Variable-Rate P: Economic Analysis Tool

Variable-rate P and K increase costs to producers, both in soil sampling and in application. Where is this cost recouped? It has to be either by increasing crop yield, or by reducing P and K use enough to more than cover the cost of using this type of management.

A statewide network of on-farm small-plot experiments showed that under prevailing P and K management conditions, response to the current year’s P and K applications is near zero. This suggests that producers are managing P and K in such a way that the soil can supply all that the crop needs, and that it is not possible to increase yield by managing P and K differently.

Although variable-rate P and K management may sometimes reduce the total amount of P and K applied, I think there is potential to enhance these savings using the variable-rate approach.

In the network of experiments mentioned above, there was evidence of a small yield response to P in corn and soybean when soil test levels were below 30 lb P/acre. So why is the target level for soil test P set at 45 lb P/acre by the University of Missouri? I don’t know the history, but it makes sense to me that there should be a ‘cushion’ between the known ‘critical value’ and the recommended ‘target value’. This is because of the spatial variability of P in the field. Click here for an example.

Having a ‘cushion’ built into the target value for soil test P ensures that even the lowest-testing parts of the field are at full yield potential. Variable-rate management may offer a cheaper way to ensure that the whole field is at full yield potential.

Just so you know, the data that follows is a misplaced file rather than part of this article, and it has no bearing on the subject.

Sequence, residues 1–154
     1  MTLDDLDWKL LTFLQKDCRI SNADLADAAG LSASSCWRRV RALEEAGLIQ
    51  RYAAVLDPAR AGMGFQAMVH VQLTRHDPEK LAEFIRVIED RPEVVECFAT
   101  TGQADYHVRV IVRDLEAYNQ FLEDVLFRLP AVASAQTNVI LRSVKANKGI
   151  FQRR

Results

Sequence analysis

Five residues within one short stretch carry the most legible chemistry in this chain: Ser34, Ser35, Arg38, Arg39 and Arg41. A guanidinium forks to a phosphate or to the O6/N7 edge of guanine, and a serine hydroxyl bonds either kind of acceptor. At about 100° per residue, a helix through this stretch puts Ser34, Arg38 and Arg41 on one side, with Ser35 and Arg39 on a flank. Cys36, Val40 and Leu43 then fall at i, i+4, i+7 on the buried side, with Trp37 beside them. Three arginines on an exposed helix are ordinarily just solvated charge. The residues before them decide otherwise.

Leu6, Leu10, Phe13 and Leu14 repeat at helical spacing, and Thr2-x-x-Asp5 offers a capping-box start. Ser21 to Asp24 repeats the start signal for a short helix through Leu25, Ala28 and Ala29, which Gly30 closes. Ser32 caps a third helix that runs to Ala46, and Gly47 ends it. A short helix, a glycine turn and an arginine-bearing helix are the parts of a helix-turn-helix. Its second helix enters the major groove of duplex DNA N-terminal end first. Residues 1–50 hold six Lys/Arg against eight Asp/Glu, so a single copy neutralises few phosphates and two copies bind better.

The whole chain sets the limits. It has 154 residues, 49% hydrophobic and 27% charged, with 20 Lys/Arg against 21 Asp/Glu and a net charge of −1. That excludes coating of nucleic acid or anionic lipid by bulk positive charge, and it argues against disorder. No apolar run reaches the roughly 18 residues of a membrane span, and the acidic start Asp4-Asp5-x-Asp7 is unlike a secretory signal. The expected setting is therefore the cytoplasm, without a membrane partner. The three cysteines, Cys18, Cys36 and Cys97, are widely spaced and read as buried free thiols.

By taking spatially intensive soil samples, the low-testing areas of the field can be located and fertilized to achieve their full yield potential. The ‘cushion’ is no longer needed. This means that a lower target level for soil test P can be used, and savings on fertilizer will be increased to where they should easily exceed the cost of variable-rate management.

Ray Massey and Peter Scharf have developed an economic analysis tool for variable-rate P and K (pdf capability and Flash Player required). The user can change the cost of P, the cost of K, and P and K target levels for both uniform and variable-rate management. The program will then calculate the 10-year Net Present Value (amount of money made/lost over 10 years including the interest cost of money spent) for any of five fields that were grid sampled with no previous variable-rate management. We suggest that soil test thresholds of 45 lb P/acre and 280 lb K/acre will produce full yields with uniform management, and allow the flexibility to miss a year’s application without losing yield. With variable-rate application, thresholds of 30 lb P/acre and 200 lb K/acre will also produce full yields and allow the flexibility to miss a year’s application without losing yield. If the producer is committed to applying P and K every year, these numbers can be reduced farther (but we don’t know how far).

P and K prices are lower now than when we developed this tool in January 2009. This means that the potential to save money with variable-rate P and K is now less than it was then.

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